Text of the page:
Original publication: June 2015
Author: Diána Haase, Research Administrator
Short link to this post: http://bit.ly/2JjO8sg
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Background

The Committee on Regional Development (REGI) of the European Parliament (EP) decided to draw up an own-initiative report on “Cohesion policy and the review of the Europe 2020 strategy” (rapporteur: Fernando Ruas). In January 2015 Policy Department B – Structural and Cohesion Policies was requested to provide internal expertise in support of the ongoing work on the aforementioned report. This analysis has been drawn up in response to this request, addressing the three angles of research that were requested by REGI:

  • The (reciprocal) relationship between cohesion policy and Europe 2020 – A strategy for smart, sustainable and inclusive growth (hereinafter the Europe 2020 Strategy/the Strategy);
  • Responsibility and ownership dimensions of the strategy;
  • Territorial dimension of the strategy.

 

 

Review process of the Europe 2020 Strategy

The Europe 2020 Strategy, launched in 2010, is an overarching European Union (EU) “growth and jobs” strategy, which has replaced the Lisbon Strategy . To support delivery of the Strategy, an economic governance system has been set up to provide for coordination of actions at the EU and national levels.

In 2014 the Commission launched the process of reviewing the Strategy and the progress made towards delivering its targets by publishing its Communication on “Taking stock of the Europe 2020 strategy for smart, sustainable and inclusive growth”. The
Communication presents lessons learned in the first years of implementation of the Europe 2020 Strategy by looking into (1) the impact of the crisis and long-term factors of growth, and (2) progress towards Europe 2020 targets and the role those targets have played, implementation of the Flagship Initiatives and role of the European Semester. The key conclusions include confirmation of:

  • the sustained relevance of the Strategy;
  • the need to address the slowing convergence process inside the EU (which is due to the crisis and accumulated imbalances across the territory);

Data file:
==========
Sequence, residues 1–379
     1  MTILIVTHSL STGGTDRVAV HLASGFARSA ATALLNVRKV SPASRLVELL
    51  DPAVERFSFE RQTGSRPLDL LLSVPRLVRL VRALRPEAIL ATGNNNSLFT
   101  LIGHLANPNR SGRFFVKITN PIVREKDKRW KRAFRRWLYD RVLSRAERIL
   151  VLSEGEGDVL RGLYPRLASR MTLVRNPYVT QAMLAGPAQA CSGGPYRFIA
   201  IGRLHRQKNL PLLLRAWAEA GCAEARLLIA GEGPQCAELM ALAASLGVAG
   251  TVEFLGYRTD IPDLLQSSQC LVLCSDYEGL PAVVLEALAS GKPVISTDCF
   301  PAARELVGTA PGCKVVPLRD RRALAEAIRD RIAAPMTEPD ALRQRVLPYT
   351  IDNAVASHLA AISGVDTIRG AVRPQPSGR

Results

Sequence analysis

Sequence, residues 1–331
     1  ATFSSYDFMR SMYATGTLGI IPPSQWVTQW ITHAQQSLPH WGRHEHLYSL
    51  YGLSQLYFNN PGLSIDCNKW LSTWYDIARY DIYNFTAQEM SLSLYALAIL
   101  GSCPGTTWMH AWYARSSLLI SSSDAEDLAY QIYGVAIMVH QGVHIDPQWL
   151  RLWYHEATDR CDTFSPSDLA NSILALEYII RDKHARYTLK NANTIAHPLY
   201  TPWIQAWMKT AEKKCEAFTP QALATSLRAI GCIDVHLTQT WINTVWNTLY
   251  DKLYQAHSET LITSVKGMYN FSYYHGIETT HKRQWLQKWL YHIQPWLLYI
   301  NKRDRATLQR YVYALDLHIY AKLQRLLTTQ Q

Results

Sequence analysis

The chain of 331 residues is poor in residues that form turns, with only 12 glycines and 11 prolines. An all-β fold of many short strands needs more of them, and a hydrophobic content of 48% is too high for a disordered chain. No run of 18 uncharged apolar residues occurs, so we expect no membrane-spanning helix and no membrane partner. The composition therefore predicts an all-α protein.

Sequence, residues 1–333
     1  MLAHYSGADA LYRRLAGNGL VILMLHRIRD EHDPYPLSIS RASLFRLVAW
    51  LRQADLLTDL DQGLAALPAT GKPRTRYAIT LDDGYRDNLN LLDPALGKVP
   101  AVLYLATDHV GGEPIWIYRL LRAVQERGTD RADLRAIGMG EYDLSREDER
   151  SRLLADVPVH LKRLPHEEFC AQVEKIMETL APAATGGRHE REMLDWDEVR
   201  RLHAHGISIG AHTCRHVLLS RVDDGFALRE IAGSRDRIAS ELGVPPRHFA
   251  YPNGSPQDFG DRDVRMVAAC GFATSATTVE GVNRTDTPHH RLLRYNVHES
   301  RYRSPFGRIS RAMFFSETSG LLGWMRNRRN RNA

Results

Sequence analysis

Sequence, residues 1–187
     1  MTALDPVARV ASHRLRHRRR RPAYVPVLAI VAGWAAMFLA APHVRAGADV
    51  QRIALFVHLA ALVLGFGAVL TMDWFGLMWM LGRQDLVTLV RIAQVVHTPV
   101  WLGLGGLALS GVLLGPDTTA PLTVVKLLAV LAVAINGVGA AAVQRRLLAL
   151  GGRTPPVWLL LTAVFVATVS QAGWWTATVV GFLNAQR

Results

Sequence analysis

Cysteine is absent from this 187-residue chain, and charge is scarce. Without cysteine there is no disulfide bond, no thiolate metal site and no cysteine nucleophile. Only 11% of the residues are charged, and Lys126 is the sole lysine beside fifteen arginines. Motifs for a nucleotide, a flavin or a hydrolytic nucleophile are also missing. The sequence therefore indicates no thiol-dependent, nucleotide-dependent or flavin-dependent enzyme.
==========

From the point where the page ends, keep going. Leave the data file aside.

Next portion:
• mixed progress towards targets and the implementation of the Flagship Initiatives across the EU;
  • the crucial role that the active engagement of regions and cities can play in the pursuit of the Europe 2020 objectives.

It should be noted that (as in the Communication on the Strategy itself) very limited reference is made to cohesion, cohesion policy and its instruments in the document. Following the above communication, a public consultation was conducted between May and October 2014 to gather evidence for the review process; the results were published on 2 March 2015. Alongside this Communication, a  Eurostat publication provided further input on the implementation of the Strategy. The main outcome of the public consultation is in line with the conclusions of the abovementioned stocktaking Commission Communication: the relevance of the Strategy and the meaningfulness of its objectives and priorities are confirmed. The Flagship Initiatives are considered to have served their purpose, but their visibility is low; and, finally, it is pointed out that there is a need to enhance ownership and involvement on the ground, which would improve the delivery of the Strategy. The Eurostat publication presents a detailed picture of progress towards the headline targets of the Strategy, also confirming the findings of the Commission to the effect that this progress is mixed across the EU and that some of the targets will most likely not be achieved by 2020.

According to the Communication on the results of the public consultation, publication of the Commission’s review proposals for the Europe 2020 Strategy is due before the end of 2015.

It is worth recalling that the EP addressed the launch of the Strategy in several resolutions in 2010 and 2011, conveying messages such as the fact that economic, social and territorial cohesion is a cornerstone of the European project, and that the Strategy is an opportunity to maintain and strengthen cohesion. The reciprocal relationship was also stressed with the statement that a strong and well-financed cohesion policy that is aligned with the Europe 2020 Strategy is a pre-condition for successful attainment of the Europe 2020 goals. The governance aspects were also underlined: to achieve results, national, regional and local levels of governance must be accountable and of high quality, and stakeholders also need to play a key role in the delivery mechanism of the Strategy.
Concerns were raised by the EP that, in the absence of strengthened governance structures, the Europe 2020 Strategy would not be able to deliver on its objectives and targets.

Link to the full study: http://bit.ly/540-361

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